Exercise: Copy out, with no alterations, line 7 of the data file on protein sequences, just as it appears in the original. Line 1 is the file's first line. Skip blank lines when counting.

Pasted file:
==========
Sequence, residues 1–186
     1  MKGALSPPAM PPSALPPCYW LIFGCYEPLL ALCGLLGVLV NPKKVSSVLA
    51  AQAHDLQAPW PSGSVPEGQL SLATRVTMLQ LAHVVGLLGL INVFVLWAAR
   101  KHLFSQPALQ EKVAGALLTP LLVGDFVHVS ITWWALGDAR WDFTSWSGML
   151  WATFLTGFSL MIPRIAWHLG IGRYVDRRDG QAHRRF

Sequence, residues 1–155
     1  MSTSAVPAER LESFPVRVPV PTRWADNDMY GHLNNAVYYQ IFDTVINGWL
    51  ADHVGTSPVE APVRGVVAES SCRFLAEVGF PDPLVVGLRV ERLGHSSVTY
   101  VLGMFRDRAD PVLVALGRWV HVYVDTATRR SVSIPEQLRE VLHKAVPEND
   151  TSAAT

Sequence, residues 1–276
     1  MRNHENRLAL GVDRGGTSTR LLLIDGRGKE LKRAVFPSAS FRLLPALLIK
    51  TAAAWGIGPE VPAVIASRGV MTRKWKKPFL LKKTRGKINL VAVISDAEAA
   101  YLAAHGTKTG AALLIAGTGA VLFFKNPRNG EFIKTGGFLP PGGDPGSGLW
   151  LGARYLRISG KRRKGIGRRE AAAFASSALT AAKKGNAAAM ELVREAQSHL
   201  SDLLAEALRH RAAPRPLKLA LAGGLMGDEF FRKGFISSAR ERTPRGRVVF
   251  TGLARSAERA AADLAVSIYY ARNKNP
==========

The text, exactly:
     1  MSTSAVPAER LESFPVRVPV PTRWADNDMY GHLNNAVYYQ IFDTVINGWL